World No 1 Ash Barty celebrated her birthday weekend by winning two titles – and a brand new sports car – at the Porsche Tennis Grand Prix in Stuttgart after a third consecutive comeback triumph in the singles final against Aryna Sabalenka.
To complete another landmark week, the Australian, who turned 25 on Saturday, then won the doubles title on a busy, fun – and lucrative – Sunday with her American partner Jennifer Brady.
After her singles win, Barty was presented with her €68,570 ($107,074) winner’s cheque and a brand new Porsche, which seemed perfectly appropriate for someone who had accelerated away majestically after an early test from Sabalenka.
It was another performance full of skill and resilience to dismantle the Belarusian’s power game and win 3-6, 6-0, 6-3 for her third singles title of the year. And it left Barty feeling that she’s taking her tennis to a new level – ominous news for her rivals.
For the third day running after come-from-behind wins over Karolína Plíšková and Elina Svitolina, the Queenslander dug deep on the indoor clay after dropping the first set.
Sabalenka, who needed a medical timeout at the end of a second set drubbing, was in tears at one of the changeovers in the deciding final set, struggling not just with a heavily-strapped right thigh but also with Barty’s supreme, bamboozling all-court game.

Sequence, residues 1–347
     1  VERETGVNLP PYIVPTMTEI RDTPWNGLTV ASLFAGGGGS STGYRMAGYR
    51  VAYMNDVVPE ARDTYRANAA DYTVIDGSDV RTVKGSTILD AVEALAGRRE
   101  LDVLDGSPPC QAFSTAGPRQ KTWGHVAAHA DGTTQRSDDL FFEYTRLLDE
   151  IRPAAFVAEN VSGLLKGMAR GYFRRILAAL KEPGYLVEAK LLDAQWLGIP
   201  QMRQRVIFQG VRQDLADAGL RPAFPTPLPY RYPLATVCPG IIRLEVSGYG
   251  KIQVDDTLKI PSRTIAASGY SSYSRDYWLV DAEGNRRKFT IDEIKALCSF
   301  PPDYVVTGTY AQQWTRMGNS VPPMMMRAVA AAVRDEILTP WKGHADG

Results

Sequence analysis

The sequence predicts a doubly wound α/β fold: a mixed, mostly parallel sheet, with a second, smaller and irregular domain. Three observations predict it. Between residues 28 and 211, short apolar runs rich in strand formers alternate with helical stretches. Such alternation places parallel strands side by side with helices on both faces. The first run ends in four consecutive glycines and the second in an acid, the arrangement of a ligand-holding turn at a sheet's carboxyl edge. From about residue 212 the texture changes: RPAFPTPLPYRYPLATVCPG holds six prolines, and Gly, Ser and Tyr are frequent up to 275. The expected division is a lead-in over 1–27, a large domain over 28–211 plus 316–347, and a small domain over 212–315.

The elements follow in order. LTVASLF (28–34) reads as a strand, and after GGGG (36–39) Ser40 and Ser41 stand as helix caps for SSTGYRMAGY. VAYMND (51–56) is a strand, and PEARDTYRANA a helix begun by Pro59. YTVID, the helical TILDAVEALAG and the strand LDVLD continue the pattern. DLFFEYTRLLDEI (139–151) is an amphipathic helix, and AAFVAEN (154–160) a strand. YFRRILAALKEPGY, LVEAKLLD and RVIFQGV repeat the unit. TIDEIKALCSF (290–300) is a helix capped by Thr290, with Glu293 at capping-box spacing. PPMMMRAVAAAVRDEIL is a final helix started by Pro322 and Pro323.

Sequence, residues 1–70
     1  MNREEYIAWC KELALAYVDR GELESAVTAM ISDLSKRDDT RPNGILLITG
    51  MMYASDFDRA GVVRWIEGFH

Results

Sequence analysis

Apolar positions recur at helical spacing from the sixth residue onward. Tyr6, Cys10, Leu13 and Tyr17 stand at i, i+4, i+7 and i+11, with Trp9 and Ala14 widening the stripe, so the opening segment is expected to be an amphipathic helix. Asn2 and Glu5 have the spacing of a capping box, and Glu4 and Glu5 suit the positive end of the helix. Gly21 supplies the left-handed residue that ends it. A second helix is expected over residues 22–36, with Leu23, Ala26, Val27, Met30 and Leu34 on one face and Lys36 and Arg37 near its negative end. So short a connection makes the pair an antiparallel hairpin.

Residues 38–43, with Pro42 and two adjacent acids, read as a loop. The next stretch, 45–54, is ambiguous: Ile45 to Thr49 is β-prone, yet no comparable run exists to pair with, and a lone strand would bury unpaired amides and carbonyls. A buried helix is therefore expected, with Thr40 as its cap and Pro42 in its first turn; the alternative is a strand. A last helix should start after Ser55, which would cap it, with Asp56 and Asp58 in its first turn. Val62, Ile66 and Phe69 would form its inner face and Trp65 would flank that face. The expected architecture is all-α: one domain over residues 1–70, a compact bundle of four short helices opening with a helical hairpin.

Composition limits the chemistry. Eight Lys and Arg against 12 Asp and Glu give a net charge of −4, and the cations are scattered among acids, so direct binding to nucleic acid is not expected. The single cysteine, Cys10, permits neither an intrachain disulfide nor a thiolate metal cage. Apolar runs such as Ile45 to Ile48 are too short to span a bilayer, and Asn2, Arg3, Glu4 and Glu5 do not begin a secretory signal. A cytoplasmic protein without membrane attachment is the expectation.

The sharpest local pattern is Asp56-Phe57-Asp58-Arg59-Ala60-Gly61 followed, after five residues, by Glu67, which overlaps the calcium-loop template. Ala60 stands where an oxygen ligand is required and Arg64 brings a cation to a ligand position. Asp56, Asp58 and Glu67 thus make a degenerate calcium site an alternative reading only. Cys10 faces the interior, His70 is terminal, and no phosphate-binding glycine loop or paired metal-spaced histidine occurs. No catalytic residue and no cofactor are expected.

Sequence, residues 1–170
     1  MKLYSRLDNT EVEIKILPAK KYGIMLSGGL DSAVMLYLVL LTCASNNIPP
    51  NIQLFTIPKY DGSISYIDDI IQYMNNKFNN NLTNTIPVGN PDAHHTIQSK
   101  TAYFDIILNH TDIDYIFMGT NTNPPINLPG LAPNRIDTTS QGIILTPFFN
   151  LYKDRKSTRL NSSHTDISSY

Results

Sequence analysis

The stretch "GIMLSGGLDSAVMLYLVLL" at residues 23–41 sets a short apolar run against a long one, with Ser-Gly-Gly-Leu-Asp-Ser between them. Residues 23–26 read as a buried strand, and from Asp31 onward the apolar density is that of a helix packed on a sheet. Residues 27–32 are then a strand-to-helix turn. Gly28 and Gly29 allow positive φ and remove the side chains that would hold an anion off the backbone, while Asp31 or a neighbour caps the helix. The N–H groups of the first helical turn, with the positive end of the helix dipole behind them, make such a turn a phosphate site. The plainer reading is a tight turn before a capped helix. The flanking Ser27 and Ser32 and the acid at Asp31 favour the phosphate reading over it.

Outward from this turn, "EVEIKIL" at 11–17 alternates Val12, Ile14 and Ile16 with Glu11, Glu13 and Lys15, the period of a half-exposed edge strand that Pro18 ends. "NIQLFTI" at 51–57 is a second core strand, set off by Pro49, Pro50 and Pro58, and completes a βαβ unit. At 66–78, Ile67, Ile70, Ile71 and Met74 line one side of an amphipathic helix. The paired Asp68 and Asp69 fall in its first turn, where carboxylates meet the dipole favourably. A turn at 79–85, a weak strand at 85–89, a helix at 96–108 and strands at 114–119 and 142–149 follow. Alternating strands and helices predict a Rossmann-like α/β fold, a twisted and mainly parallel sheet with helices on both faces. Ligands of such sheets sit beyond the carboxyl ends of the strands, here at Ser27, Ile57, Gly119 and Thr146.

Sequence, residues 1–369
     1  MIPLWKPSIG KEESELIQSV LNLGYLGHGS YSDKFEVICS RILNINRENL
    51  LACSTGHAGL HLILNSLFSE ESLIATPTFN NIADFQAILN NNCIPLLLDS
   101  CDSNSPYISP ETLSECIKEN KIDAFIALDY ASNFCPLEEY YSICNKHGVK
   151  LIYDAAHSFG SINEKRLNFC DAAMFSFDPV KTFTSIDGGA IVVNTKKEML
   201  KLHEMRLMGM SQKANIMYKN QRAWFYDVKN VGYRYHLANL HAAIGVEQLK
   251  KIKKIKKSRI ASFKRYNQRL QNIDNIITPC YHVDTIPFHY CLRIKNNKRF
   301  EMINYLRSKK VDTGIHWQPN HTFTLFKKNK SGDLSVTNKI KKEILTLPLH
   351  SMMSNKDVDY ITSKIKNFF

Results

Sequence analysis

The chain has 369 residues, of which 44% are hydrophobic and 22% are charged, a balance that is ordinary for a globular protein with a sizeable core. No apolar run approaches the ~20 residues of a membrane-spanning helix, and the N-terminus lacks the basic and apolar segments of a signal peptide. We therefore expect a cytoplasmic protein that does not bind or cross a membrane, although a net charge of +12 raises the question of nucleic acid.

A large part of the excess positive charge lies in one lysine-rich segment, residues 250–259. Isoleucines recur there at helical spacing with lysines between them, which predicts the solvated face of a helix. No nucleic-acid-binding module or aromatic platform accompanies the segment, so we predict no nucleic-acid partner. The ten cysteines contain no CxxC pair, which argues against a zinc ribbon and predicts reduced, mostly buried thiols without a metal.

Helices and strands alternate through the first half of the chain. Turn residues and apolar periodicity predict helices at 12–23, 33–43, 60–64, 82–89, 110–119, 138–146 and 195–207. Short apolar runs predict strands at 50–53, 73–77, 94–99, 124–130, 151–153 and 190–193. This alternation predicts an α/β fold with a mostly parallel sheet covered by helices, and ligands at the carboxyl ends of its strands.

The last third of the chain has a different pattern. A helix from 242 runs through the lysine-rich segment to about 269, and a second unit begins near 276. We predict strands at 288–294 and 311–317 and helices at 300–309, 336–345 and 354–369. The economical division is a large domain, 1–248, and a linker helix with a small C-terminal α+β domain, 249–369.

Sabalenka said she had been suffering a lot of pain from an adductor muscle issue that had flared up in the first set.
The triumph, Barty’s 10th successive over a fellow top-10 player, saw her shoot to the top of the WTA’s Race to Shenzhen, the order of merit system that identifies the year’s top woman player.
It was her first European tournament on clay since triumphing in the 2019 French Open and she looked in the sort of form to regain the trophy that she decided not to defend last year.
“There is a first for everything, isn’t there?” laughed Barty after being asked if it was the first time she had won a bright green Porsche and two titles at the same tournament.
“This week’s been phenomenal for me. I’ve certainly felt like I’m taking my tennis to a kind of a new level in a sense of being able to be calm and play with freedom and play without consequence in a way.”
Barty had just over an hour’s rest before joining forces with her friend, Australia Open finalist Brady, to beat the top-seeded US pairing Bethanie Mattek-Sands and Desirae Krawczyk 6-4, 5-7 [10-5].
Still fresh after three-and-a-half hours on court all told, Barty celebrated becoming the first reigning world No 1 since Justine Henin in 2007 to win in Stuttgart and the first since American Lindsay Davenport 20 years earlier to win both finals at the same tournament there.
“It’s extremely humbling to be even mentioned in the same sentence as both Justine and Lindsay, they’re both legends of the game,” she said.
Her singles victory had been beautifully constructed after Sabalenka’s destructive hitting helped her earn her the one crucial break for 5-3 in the opener but Barty’s response was remarkable, as she reeled off nine straight games.
Soaking up the pressure and mixing up her responses with immaculate angles and depth to her shot-making, Barty was at her brilliant best on a lively indoor clay-on-boards surface she’d never experienced before.
And although Sabalenka fought on, Barty, who hammered 26 winners and broke the Belarusian’s delivery five times, held off her attempt at one last show of defiance to prevail in one hour 47 minutes.
“She’s number one, she’s on top – and she’s a great player,” was Sabalenka’s verdict, one that is being shared throughout the game.